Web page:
Washington Post, 2002
The Washington Post's Shannon Zimmerman talks to Wire.
Wire's Taut Link to the Past
Wire is back. And just in time, too. The British band may have left punk behind—but not its punch. The members of the band—guitarists Colin Newman and Bruce Gilbert, bassist Graham Lewis and drummer Robert Grey—were the grad students among punk's original class of juvenile delinquents. The band's first three albums—Pink Flag, Chairs Missing and 154—were recorded during a furious burst of creativity that spanned 1977 to 1979, when the group experimented with condensing Sex Pistols-style roar into art-school-style theory. The end result was a minimalist take on their contemporaries' more raucous sound, one that's proven hugely influential. The band's songs have been covered by REM and ripped off by Elastica. Any 'neo-garage' act worth its major-label contract is likely to cite the first phase of Wire's career as a template.
Yet even though these early discs are widely regarded as founding documents of the punk movement and its various offshoots, it's best not to mention that to the group. "We're not a punk band!" Newman and Lewis shout, nearly in unison, during a break at the Chicago rehearsal studio where Wire is preparing for its 15-city US tour, which will bring the band to the 9:30 club on Friday.
Their denial is at least partly true. Wire's career has had plenty of sonic detours. The group disbanded in 1980, returning five years later as a self-styled 'beat combo'. In this incarnation Wire made digitally manipulated dance music that anticipated the rise of electronica. The Drill, a 1991 disc that features nine versions of the song Drill, was an early foray into the fine art of the remix album. And from the very beginning, the members of the band have pursued various separate interests during the group's frequent hiatuses. Drummer Grey (formerly Robert Gotobed) even took up farming.
But following a recent spate of European festivals and a high-profile performance at London's prestigious Royal Festival Hall, Wire has gotten back to where it once belonged. The group toured the United States in 2000, mainly playing older material. The set list for the new tour will be culled primarily from the band's two new releases, Read and Burn 01 and Read and Burn 02, both of which find the group revisiting its incendiary early sound. Admittedly, the band's timing is perfect, but for a famously forward-looking outfit like Wire, the look back seems unusual. Not so, says Newman.
"I think where it really kicked off," he explains, "was when we played Mogwai's All Tomorrow's Parties festival [in 2000]. It wasn't our audience. Mogwai are a band who are derived from the school of Tortoise [the Chicago indie band]. It's very slow music. It was a festival of slowness, with a lot of young men going very slow. And suddenly these old men were standing onstage going 90 miles an hour, and this was having a visceral effect on certain members of the audience. This sounds apocryphal, but I knew standing onstage there that fast rock was on its way. I just felt it."
Newman was correct, of course: Punk-infused rock-and-roll has largely replaced teen pop as the sound du jour, with groups such as the Hives, the Strokes and the Vines giving the label 'boy band' a whole new meaning. Meanwhile, songs by Wire contemporaries such as the Buzzcocks and the Clash have, sadly, been in heavy rotation recently as commercial soundtracks for beer and automobile companies.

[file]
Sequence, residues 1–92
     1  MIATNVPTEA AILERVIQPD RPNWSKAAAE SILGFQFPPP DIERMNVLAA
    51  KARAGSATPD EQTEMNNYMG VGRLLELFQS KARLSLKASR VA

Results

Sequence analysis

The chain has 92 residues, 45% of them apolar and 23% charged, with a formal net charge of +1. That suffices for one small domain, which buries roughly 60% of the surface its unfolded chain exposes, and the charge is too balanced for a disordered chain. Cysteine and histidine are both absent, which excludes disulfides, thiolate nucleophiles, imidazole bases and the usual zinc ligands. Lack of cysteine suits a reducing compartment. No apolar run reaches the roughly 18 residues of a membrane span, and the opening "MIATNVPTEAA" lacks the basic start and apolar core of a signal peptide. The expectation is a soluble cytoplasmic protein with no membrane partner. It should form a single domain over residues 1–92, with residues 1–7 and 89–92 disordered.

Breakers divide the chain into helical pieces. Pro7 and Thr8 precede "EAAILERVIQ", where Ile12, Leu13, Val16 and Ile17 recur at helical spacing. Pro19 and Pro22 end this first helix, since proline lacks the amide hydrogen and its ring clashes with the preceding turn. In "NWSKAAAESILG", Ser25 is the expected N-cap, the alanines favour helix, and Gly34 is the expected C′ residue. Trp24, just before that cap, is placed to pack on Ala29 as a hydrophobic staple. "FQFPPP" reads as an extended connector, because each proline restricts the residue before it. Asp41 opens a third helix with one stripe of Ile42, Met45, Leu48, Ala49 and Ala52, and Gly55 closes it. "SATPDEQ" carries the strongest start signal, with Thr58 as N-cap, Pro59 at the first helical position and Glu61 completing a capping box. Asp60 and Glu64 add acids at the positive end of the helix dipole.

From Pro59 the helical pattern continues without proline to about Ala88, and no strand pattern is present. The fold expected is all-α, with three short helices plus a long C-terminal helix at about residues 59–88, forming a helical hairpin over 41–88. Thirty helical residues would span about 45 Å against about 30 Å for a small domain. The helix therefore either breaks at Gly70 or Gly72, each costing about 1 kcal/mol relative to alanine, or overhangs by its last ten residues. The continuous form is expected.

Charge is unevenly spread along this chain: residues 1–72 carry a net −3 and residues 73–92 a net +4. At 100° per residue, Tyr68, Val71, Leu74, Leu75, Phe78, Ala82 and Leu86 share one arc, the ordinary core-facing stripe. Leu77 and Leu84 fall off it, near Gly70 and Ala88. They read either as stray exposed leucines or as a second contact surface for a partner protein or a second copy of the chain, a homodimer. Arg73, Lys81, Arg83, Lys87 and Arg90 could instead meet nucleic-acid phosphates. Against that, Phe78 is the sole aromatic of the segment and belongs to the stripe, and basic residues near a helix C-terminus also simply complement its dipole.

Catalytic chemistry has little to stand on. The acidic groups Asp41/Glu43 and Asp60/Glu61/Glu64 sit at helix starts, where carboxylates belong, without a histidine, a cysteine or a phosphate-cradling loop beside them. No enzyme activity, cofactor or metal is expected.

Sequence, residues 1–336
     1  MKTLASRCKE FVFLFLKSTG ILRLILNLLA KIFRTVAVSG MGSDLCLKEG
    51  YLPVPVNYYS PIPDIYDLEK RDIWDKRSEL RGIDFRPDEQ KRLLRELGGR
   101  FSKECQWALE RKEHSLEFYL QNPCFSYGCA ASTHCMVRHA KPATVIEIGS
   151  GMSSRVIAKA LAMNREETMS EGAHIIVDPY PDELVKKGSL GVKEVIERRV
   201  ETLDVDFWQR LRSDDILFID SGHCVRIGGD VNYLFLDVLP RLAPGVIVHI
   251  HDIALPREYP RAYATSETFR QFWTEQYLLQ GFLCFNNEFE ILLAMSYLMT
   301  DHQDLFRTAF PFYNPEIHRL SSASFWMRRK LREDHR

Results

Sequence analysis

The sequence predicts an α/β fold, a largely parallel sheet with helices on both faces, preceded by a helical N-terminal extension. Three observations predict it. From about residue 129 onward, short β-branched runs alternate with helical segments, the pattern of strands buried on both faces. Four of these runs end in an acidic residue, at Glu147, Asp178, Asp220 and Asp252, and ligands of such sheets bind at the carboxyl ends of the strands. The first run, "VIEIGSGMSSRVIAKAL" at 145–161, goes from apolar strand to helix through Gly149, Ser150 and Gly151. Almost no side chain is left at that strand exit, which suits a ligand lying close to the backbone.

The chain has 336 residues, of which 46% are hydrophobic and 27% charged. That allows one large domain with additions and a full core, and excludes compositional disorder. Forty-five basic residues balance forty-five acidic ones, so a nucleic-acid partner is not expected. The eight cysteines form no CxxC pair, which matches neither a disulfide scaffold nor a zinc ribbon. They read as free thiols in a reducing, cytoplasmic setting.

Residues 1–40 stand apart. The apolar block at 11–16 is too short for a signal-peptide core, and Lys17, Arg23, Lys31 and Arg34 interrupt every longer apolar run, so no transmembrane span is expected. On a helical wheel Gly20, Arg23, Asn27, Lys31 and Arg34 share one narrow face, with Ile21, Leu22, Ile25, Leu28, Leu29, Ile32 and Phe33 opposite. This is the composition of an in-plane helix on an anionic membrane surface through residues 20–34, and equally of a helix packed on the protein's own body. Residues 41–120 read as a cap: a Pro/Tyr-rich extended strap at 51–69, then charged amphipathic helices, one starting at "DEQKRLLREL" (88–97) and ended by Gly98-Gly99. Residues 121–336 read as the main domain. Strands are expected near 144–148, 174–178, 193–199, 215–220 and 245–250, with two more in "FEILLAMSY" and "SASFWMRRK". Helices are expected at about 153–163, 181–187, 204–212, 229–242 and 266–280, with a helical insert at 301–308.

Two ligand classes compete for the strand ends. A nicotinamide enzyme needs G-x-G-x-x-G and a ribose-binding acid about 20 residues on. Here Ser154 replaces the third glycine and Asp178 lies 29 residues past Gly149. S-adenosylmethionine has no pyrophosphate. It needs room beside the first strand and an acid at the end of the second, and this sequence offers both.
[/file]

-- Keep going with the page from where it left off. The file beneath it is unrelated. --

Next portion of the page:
Still, while Wire's new material does recall the band's early mingling of mayhem and erudition, it's hardly retrograde. The group continues to experiment with recording techniques—Read and Burn 01's" opener, In the Art of Stopping, is built around a slurred tape loop—and on I Don't Understand, Wire seems to display a knowing sense of humor about its status as a group of elder statesmen. "Your time is up/You've had your chance," Newman chants on the track. "You've made your point/Get over it."
Yet if there's any self-lacerating subtext there, the band declines to identify it. The lyrics may even be directed at the Sex Pistols, whose recent reunion tours dismayed the members of Wire. ("Very predictable," says Newman, an erstwhile admirer of the band. "It was a bit sad.") Or they might be aimed at the fading stars of Britpop, Elastica included, who borrowed heavily from Wire's Three Girl Rhumba for its minor hit Connection. Britpop "was when so-called indie music became the mainstream," Newman says now of the phenomenon, with obvious contempt.
For his part, guitarist Gilbert views I Don't Understand as "a bit of spleen venting," but it's clear that Wire is pleased to be reemerging as a recording and touring unit at a time when audiences seem primed for its classic sound. "If we are able to do something where we can be recognized by the generation that are working now," says Lewis, "then that's very good validation." Adds Newman: "We were iffy in the '70s. This is the best Wire ever."
"We find ourselves in a very interesting situation right now," he continues. "We are both a part of, and an influence on, specifically American kinds of bands. To me, it's all about rhythm. If you go back to the early-to-mid-'90s, if you didn't have any funk in your rhythm, you were missing out on what was going on. You would never have supposed that, when all of that dissolved, that jerky, 1979-1980-type rhythms would again hold sway."
But they are. And that development has given Wire precisely the kind of paradoxical opening the group has thrived in since its earliest days. This time around, the band has a chance to be both contemporary and true to its original spirit, to lead the way back.
But not back to punk, of course. "It's got to have a heavy-metal sensibility," says Newman, only half-jokingly. "It's got to be in your face."
This interview originally appeared in The Washington Post.